Bid to make milk quota rules farmer-friendly
IRELANDS milk quota transfer schemes are under review by Department of Agriculture officials.
They are consulting with Irish farming leaders in a bid to make the schemes, which operate under EU rules, more relevant to the countrys 45,000 milk producers.
Catherine Lascurettes, Irish Farmers Association dairy committee secretary, says existing schemes give priority to farmers producing fewer than 30,000gal (136,000 litres) – about 75% of the countrys milk producers.
"That would be considered in Eire as the threshold between the small producer and the middle-sized producer. Most schemes we have are targeted towards those," she says.
"They are the backbone of the Irish dairy industry but a number of them, through the schemes, have been in a position to increase their quota size and have brought themselves above 30,000 gallons."
Although they may be considered big in relation to most Irish milk producers, they are still not in a position to buy quota on the open market, adds Ms Lascurettes.
"We have made suggestions that a larger proportion of the fleximilk could be given to producers in the 30,000-50,000 gallon category," she says (see panel).
After pressure from the IFA, government is also negotiating with the European Commission to simplify the quota restructuring scheme.
It operates to redirect quota to small producers and offers "a fairly attractive" 50p/gallon (11p/litre) subsidy for quota purchase. But eligibility criteria are strict and the IFA believes there is scope within the budget to relax the rules.
About IR£8m was available in the past two years – with 70% of the money coming from EU structural funds. Last year only about IR£3.7m was spent.
About 4000 producers applied for quota under the scheme last year. But many applications have still not been processed because of delays in checking forms. Many producers who offered quota under the scheme have also not yet been paid.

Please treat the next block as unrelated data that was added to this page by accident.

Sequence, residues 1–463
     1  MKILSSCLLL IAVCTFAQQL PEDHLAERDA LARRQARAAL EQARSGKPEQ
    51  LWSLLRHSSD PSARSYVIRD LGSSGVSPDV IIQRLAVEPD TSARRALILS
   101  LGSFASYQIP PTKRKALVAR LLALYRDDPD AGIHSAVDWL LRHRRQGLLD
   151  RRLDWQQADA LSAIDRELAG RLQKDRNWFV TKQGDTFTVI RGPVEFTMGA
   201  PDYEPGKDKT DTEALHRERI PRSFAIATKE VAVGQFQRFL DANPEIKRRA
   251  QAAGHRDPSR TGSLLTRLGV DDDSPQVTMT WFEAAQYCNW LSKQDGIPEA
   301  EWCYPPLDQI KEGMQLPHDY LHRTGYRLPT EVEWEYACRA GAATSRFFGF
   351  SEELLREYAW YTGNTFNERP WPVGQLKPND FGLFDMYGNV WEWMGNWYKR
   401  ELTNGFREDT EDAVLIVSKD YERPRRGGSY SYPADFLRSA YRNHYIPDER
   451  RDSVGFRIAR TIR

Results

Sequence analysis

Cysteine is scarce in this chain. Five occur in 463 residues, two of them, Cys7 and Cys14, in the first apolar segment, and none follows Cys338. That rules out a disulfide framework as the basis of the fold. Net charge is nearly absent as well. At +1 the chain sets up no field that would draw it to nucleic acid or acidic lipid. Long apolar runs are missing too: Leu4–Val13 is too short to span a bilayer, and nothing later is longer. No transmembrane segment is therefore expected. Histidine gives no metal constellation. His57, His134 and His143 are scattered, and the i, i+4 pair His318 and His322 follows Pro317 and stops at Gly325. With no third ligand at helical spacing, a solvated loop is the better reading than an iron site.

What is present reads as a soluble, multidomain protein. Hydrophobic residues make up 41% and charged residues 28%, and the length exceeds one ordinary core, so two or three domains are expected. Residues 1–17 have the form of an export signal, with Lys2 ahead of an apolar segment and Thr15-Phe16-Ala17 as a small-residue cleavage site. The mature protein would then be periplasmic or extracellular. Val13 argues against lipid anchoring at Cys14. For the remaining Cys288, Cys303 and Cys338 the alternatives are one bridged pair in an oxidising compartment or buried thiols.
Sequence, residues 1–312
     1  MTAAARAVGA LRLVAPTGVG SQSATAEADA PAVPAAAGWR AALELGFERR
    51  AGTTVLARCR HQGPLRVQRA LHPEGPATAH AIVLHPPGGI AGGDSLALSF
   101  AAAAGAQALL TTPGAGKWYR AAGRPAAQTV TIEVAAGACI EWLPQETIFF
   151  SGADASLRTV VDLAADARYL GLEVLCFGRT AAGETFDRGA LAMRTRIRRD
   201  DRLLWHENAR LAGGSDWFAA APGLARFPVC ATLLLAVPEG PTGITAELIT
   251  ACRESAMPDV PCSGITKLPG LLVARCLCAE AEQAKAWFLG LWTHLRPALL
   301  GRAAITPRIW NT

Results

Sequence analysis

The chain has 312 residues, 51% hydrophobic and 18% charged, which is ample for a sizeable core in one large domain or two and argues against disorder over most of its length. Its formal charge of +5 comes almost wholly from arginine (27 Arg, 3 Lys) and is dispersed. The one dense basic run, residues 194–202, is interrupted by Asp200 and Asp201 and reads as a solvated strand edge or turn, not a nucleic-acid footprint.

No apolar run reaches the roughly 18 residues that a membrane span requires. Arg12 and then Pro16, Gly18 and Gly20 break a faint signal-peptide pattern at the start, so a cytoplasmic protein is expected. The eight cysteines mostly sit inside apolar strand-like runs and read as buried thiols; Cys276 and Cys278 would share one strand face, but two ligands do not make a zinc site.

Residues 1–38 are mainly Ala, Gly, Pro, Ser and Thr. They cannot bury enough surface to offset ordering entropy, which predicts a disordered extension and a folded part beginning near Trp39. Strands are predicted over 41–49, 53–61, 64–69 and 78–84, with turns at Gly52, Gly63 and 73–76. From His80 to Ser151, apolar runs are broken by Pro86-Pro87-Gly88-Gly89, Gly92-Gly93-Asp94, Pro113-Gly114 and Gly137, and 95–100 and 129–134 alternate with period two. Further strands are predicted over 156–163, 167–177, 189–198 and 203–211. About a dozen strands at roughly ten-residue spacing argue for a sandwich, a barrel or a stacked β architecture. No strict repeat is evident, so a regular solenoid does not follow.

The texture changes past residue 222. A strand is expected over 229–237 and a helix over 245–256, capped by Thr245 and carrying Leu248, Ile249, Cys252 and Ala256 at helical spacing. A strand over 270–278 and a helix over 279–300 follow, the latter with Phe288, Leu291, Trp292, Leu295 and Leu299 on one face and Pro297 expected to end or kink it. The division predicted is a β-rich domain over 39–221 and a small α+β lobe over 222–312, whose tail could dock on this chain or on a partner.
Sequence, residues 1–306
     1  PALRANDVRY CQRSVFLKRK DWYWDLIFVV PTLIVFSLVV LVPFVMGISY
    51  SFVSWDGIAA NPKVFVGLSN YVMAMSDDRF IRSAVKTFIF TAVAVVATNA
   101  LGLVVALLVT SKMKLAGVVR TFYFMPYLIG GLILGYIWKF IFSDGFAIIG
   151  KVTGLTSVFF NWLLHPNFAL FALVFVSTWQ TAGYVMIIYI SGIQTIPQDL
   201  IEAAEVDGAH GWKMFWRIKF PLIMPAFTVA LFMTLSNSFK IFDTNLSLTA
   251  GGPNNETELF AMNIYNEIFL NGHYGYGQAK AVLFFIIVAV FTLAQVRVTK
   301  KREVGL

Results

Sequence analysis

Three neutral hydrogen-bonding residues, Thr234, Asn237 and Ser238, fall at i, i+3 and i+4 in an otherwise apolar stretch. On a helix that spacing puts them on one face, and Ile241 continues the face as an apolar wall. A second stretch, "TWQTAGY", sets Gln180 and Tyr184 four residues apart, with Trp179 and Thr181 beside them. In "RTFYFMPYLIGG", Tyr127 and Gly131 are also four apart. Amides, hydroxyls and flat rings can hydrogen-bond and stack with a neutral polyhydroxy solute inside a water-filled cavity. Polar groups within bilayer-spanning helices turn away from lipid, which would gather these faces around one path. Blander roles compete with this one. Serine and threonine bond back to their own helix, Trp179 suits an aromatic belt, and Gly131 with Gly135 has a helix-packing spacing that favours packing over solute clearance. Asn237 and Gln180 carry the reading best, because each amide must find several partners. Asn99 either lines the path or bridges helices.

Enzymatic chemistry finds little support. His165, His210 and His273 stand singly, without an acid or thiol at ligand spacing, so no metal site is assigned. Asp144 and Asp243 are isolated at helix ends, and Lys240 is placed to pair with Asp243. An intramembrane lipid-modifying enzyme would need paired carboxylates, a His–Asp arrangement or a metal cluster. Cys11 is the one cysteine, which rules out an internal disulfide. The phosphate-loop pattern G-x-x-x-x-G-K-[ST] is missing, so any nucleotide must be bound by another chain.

Government plans to "ring-fence" quota in the disadvantaged areas have also raised concern. The move is an attempt to stop quota flowing from these areas and concentrating in the hands of bigger producers.
Under the proposals quota in the ring-fenced areas will not be allowed to travel more than 30 miles from the home holding.
But the IFA maintains that ring-fencing is a negative step and may work against the people it seeks to support.
"Our own policy would be that the best way to maintain quota is nurture demand locally," says Ms Lascurettes.
Ring fencing could also be open to legal challenges, she suggests because it limits individual farmers rights – and that might not sit comfortably with the Irish constitution.
She is also hesitant in offering support to the UKs lobby to introduce EU-wide quota trade. "In a situation of international trade in quota there will be winners and losers.
"Before we can make a final decision we would have to be convinced we are winners."
This scheme opens for applications in May, October and December, and is administered by co-ops, who act as quota agents for the Department of Agriculture.
Producers can transfer all or part of their quota to the co-ops. They are paid the same price charged to producers who lease. Prices are capped by the department at 27p/gal (6p/litre).
Top priority is given to those producing less than 30,000gal (136,000 litres). About 5% of available quota is set aside for new entrants. Provisions also exist for herds affected by disease when quotas were introduced.
Producers with between 30,000 and 50,000gal (136,000-227,000 litres) are given second priority. Other producers are ineligible.
All unused quota is made available through the co-ops and can be competed for from Mar 31. Producers with less than 30,000gal (136,000 litres) are given top priority and account for 70% of fleximilk allocations.
Producers with 30,000-50,000gal (136,000-227,000 litres) are allocated 20% of the pool, with 10% remaining for others regardless of size.
A 50p/gal (11p/litre) subsidy is offered under the scheme for permanent quota transfer. Prices are capped at IR£2/gal (44p/litre) for this year. To qualify for the subsidy farmers must produce less than 20,000gal (90,920 litres); have a total income of £15,000 or less with no more than one-third earnt off-farm. New entrants and small-scale producers of less than 30,000gal (136,000 litres), who do not qualify for subsidy, can also apply for quota.